- Buy the best single ingredients available to you. This is ultimately a simple dish, so the quality of ingredients is very important. This doesn’t have to be an expensive endeavor: I buy just about everything for this from Costco. Try to avoid adding any items to the plate that have more than one ingredient (!). Dried fruits should be fruits (no sugar if possible), roasted nuts should be nuts (no salt or other coatings if possible), cheese should be milk (plus a tiny amount of cheese cultures and salt).
- Use nuts that are roasted (not raw) but unsalted. I like cashews, almonds, pecans, and walnuts here. While I enjoy peanuts, they might be a little strong for this dish, at least for me. I also don’t think macadamias would work well, but maybe I’m wrong about that for you. Try to find nuts that are processed as simply as possible and that are not stale.
- Use dried fruits from a freshly opened or well-sealed package. I use plums and apricots here. Maybe I’ll try dates next time or maybe raisins, just because they’re in the house, even though I’m not terribly fond of either. Dried cherries would be good, at least for me, and maybe dried cranberries. Because the nuts are all different shades of brown, try to find dried fruits with brighter colors. Try to locate fruits that are not sweetened (this is difficult for cherries and especially cranberries). You want to be able to taste the natural unadorned flavor.
- I like to use a mild cheese as a centerpiece. Costco has tiny mozzarella balls that come in packets of three — these are a perfect size. Cheese is optional.
- I add a very light wisp of extra virgin olive oil to the cheese and a tiny pinch of salt.
You want to create something that looks appealing to your eyes, in terms of a variety of colors, shapes, and textures. You also want to have a variety of foods with different mouth feels — soft vs. crunchy — and that represent enough fundamental tastes. You should have some items that are primarily sweet (dried fruits), others that are oily/fatty (roasted nuts, EVOO), and some salt.
Use a small amount of each ingredient (three plums is definitely enough, and the rest of the ingredients should be sized equivalently or smaller). Arrange them around the circumference (or perimeter) of the plate so they are not touching each other. Try distributing the most colorful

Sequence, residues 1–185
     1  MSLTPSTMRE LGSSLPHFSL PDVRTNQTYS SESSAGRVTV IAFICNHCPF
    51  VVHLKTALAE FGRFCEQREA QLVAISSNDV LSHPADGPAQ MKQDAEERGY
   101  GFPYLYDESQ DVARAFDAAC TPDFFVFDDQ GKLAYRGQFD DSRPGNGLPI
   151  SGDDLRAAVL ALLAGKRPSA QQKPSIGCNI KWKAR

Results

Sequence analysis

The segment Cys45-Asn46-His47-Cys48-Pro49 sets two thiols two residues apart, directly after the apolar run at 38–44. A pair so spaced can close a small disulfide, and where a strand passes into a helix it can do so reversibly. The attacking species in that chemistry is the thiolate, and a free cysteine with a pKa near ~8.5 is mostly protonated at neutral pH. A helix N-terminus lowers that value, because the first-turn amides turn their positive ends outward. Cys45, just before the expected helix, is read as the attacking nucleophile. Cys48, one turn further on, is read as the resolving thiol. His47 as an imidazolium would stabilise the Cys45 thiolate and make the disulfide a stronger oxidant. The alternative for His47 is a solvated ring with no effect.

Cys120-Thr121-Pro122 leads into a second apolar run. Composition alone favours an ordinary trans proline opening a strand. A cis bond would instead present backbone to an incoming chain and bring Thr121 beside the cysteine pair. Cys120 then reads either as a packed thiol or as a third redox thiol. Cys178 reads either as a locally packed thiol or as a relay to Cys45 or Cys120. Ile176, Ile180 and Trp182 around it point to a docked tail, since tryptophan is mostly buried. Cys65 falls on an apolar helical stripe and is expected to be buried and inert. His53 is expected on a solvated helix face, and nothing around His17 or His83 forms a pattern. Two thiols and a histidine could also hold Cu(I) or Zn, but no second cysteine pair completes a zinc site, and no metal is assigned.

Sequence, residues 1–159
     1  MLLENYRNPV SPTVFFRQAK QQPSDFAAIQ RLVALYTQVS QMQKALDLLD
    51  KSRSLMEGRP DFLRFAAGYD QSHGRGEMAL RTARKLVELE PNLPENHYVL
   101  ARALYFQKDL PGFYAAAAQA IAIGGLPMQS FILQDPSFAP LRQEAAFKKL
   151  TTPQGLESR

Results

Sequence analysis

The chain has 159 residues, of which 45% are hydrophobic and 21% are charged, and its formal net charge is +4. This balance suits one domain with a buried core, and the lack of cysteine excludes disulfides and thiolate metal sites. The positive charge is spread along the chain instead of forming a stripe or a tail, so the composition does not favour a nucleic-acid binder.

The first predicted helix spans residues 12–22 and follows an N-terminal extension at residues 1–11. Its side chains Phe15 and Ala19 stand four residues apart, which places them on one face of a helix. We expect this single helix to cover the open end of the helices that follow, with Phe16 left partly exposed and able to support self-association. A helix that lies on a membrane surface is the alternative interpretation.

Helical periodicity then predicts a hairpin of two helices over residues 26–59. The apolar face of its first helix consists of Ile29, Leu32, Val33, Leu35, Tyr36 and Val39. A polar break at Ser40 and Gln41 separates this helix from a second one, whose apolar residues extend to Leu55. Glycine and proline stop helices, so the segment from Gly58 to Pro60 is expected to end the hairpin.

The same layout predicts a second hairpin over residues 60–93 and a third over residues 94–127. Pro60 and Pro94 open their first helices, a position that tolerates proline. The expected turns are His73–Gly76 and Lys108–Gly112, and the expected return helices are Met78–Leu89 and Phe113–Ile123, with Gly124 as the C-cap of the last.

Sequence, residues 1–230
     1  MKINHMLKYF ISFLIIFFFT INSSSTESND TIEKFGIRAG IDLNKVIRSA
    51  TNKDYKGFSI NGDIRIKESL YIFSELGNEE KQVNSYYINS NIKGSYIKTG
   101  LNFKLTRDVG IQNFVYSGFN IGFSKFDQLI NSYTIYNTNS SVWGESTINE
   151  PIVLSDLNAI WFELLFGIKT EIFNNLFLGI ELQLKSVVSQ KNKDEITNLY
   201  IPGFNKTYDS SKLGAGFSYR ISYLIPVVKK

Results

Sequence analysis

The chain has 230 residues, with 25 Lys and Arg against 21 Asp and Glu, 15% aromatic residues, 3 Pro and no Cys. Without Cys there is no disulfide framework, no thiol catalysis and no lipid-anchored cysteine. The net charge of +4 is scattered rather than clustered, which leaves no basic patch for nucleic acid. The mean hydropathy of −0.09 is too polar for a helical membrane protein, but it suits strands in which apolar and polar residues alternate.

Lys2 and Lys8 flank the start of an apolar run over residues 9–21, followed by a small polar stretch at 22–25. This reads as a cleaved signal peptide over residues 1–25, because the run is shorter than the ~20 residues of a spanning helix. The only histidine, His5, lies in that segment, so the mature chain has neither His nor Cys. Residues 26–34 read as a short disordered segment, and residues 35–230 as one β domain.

Ingredients around the plate instead of all clumped together. Do keep the ingredients separate — it’s like you’re a painter creating a palette of paints — you don’t want to mush them together right now: that can be for later, when you’re eating with your mouth.
When you have finished plating this variety of small amounts of food, do not eat it immediately. Set it aside in a safe place, covered if necessary, but it’s better if it’s in your eyesight for a while. You want to savor the way it looks with your eyes, think about how it will taste, maybe allow the scents to reach your nose. Allow everything to reach room temperature (this is most relevant if you have decided to include some cheese).
When it is time to eat what you have created, reflect upon the Vulcan IDIC philosophy (Infinite Diversity in Infinite Combinations). Now it’s up to you. Do you eat each ingredient entirely on its own (Mookie style)? Or do you take an almond and eat it with a dried apricot? How about swiping a dried plum with a bit of olive oil and salt? This is a great time to be reflecting on the various parts of the world where everything came from, appreciating and being thankful for this simple bounty, this bite-sized, personalized mini-cornucopia.
Our family is being represented by a plate of nuts and dried fruit? exclaimed my wife yesterday. Well, yes. If you really attend to this dish with care, I don’t know that it’s all that different from other dishes we typically serve at Thanksgiving.
And I really do enjoy it.